Last year, before the first of a new group of electric vehicles hit the Chicago market, regulators expressed concerns about the impact gas-free cars could have on an aging electrical grid. If electric car owners were to plug in at the wrong time of day, when energy is at its peak demand, the added burden on the electrical grid could spike energy prices and force higher-polluting generating plants to work overtime, they opined.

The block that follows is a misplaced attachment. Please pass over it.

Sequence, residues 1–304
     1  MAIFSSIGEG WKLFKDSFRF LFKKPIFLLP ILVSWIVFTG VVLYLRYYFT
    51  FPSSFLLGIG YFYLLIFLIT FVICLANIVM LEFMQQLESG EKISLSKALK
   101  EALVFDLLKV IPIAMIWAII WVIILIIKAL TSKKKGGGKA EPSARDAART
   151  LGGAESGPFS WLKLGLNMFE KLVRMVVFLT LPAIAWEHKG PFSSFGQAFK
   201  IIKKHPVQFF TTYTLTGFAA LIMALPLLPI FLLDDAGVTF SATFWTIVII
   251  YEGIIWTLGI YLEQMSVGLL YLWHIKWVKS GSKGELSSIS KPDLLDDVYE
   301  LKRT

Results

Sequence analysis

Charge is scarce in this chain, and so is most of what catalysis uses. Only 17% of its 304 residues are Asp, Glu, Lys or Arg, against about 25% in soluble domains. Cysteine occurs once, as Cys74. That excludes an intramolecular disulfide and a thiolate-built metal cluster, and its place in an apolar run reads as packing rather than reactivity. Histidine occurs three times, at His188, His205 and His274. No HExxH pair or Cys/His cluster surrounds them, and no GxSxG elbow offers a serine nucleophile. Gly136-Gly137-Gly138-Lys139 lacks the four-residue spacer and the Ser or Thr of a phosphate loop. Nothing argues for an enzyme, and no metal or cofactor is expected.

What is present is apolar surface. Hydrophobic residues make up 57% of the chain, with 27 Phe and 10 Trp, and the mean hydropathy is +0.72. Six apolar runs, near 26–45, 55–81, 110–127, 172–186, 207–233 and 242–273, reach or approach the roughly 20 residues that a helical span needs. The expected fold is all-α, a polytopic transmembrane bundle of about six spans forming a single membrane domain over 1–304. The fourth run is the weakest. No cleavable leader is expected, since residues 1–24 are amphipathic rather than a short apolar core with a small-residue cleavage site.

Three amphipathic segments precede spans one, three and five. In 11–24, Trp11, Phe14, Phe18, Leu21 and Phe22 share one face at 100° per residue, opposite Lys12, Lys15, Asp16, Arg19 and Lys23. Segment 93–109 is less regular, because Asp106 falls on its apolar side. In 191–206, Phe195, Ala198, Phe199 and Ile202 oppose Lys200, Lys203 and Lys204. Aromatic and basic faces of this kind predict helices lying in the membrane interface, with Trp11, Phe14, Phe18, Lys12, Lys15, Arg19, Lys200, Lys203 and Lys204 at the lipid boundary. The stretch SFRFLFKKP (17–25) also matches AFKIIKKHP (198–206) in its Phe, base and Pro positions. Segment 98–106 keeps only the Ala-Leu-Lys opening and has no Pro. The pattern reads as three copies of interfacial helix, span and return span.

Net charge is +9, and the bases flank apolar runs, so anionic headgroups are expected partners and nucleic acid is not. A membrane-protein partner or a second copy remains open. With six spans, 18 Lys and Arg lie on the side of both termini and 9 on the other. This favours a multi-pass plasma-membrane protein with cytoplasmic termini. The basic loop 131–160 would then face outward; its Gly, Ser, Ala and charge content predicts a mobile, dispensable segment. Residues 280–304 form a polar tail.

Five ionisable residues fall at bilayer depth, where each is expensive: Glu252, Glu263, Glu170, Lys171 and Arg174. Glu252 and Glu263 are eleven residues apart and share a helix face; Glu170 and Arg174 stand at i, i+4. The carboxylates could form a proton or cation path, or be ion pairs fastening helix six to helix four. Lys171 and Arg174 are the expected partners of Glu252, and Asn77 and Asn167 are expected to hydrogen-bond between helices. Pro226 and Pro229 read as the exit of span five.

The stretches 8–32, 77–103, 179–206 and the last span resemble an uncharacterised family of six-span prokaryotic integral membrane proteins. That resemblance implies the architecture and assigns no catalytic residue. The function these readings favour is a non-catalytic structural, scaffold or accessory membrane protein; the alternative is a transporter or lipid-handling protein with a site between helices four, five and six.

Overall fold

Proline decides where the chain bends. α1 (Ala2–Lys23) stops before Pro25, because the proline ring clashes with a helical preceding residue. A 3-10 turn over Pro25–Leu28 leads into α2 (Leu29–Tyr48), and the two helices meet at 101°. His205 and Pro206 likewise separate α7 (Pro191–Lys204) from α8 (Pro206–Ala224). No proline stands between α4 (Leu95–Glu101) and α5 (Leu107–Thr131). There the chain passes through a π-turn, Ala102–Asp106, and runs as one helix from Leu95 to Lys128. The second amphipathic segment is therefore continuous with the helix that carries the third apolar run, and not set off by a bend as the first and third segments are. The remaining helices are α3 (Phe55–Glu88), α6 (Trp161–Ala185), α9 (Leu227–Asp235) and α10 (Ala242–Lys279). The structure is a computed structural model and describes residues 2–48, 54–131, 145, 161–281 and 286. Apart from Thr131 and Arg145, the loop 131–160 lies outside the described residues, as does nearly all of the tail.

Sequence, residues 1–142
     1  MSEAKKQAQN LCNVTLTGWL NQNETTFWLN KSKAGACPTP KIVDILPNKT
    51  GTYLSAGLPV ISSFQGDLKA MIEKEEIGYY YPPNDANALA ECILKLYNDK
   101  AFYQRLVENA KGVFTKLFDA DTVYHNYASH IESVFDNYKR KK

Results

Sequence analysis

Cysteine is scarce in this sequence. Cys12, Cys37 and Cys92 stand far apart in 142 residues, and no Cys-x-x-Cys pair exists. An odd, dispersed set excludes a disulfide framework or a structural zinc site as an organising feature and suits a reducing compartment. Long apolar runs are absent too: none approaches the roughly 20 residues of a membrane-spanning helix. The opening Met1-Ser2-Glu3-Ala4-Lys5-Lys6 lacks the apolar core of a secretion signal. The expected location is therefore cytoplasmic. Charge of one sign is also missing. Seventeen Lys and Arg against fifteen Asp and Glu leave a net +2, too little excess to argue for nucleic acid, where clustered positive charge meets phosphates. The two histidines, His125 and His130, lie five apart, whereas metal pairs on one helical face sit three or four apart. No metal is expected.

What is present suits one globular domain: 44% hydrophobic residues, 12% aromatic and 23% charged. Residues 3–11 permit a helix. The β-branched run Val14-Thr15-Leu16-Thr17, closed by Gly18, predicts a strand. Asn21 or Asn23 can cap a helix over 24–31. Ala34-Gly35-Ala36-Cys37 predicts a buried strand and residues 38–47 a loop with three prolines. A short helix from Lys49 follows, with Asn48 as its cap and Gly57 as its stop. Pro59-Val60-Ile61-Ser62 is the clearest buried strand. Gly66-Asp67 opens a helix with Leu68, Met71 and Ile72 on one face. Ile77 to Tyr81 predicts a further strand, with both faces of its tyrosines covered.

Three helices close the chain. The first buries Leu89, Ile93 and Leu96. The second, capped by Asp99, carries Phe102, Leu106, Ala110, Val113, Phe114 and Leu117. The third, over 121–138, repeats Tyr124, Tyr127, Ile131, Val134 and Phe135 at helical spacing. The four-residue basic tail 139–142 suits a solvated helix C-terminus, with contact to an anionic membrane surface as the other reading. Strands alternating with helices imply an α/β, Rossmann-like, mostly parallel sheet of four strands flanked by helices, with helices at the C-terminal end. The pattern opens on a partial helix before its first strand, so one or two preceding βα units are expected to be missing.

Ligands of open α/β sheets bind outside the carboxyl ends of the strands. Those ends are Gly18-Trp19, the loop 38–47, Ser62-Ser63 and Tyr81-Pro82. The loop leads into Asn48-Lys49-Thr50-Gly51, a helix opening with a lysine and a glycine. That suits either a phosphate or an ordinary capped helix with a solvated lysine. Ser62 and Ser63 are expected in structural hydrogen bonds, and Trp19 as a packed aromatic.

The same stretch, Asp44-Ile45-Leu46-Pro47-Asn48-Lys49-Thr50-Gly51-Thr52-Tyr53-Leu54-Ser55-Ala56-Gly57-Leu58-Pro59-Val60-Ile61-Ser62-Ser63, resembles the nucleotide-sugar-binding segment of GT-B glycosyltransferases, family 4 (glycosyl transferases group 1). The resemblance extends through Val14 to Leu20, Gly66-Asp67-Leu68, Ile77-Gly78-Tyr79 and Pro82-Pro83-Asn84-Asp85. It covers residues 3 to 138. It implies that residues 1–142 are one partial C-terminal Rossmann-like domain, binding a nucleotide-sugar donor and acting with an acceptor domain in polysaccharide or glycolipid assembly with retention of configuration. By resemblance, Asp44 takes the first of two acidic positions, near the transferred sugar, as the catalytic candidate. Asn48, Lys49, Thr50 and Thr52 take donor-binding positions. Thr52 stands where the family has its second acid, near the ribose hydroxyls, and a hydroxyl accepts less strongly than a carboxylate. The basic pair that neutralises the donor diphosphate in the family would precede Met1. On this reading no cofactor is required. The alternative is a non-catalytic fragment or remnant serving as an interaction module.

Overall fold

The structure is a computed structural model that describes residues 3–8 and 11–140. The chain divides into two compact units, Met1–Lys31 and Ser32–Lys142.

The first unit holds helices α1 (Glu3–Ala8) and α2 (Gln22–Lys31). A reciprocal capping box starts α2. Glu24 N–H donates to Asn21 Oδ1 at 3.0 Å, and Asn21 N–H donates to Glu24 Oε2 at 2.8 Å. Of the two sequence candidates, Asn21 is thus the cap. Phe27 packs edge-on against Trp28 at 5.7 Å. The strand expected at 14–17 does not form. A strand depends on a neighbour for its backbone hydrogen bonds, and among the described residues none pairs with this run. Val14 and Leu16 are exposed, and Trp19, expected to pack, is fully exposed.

Industry watchers say 80 to 90 percent of plug-in vehicle charges are likely to occur at home and high-tech home chargers are outfitted with technology that can detect the cheapest time to switch on. Both ComEd and Ameren have long included so-called "realtime pricing" as an option for homeowners who prefer to pay a variable rate for electricity — creating the potential for rock bottom prices at certain times of day — rather than the standard flat rate. But many consumers still don’t know the program exists.